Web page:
In a first, the form for the Graduate Aptitude Test in Engineering (GATE) this year allowed candidates to mark their gender as ‘other’ instead of male or female, and 36 of the nearly 10 lakh candidates who took the test chose the option.
“This is also a category in society, we
didn’t want to leave anyone out,” said Prasanna Gandhi, vice chairperson, GATE 2013.
GATE qualifies students for entry into the Mtech and Phd programmes at the Indian Institutes of Technology and the Indian Institute of Science (Bangalore), as well as several other engineering colleges. Of the 36 candidates who claimed to be from the ‘other’ category on the form, three qualified.
Results were declared on Friday morning. The test was conducted online for 15 papers on January 20 and offline for six papers on February 10. IIT Bombay was the organising institute for the exam this year.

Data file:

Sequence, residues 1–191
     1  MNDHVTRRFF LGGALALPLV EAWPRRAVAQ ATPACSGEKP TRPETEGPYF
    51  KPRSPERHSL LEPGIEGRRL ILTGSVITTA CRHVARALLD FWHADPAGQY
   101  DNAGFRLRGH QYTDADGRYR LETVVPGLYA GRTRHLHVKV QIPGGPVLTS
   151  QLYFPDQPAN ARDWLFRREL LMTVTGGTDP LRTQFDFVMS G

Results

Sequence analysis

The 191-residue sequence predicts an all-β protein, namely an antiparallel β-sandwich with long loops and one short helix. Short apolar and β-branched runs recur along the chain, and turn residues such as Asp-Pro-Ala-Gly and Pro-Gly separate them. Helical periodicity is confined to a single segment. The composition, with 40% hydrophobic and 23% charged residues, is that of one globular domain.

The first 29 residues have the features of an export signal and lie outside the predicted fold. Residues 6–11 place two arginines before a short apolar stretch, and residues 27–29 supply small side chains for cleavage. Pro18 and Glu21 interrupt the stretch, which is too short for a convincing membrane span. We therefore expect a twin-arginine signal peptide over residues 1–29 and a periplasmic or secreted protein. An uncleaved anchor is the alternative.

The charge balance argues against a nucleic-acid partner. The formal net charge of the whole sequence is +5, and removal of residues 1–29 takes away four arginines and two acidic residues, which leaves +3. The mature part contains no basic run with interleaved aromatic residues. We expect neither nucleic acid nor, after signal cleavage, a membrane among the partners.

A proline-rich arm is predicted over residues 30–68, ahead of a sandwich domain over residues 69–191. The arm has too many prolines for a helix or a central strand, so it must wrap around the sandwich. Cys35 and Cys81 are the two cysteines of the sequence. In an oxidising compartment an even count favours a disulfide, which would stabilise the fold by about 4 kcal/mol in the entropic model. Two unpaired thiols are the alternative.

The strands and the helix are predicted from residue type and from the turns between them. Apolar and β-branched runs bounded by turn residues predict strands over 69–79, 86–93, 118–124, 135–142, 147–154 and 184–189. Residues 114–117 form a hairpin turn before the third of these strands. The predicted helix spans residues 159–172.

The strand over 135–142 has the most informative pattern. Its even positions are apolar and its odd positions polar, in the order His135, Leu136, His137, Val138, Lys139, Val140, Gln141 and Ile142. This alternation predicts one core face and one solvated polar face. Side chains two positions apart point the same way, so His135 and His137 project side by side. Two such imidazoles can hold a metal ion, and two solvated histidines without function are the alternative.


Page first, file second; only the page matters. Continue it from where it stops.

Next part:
Candidates who have qualified can use their scores to apply to the programmes, but are not guaranteed admission. The score will also be used by 15 public sector undertakings (PSUs) to recruit students.
Maharashtra had the third highest number of candidates qualifying (9,951), after Andhra Pradesh (22,476) and Uttar Pradesh (22,400). Women comprised 20.9% of the candidates who qualified.
“It was a bit surprising that I came second, the paper was a little tough,” said Swapnil Gusani, 24, who came second in the computer science merit list.
The numbers of takers for the exam has been growing every year. Last year 7.8 lakh candidates appeared for it, this year it rose to 12.1 lakhs.
“One big reason for this is the number of PSUs using GATE scores for recruitment,” said Umesh Bellur, organising chairman, GATE 2013.”
The GATE score is valid for two years.
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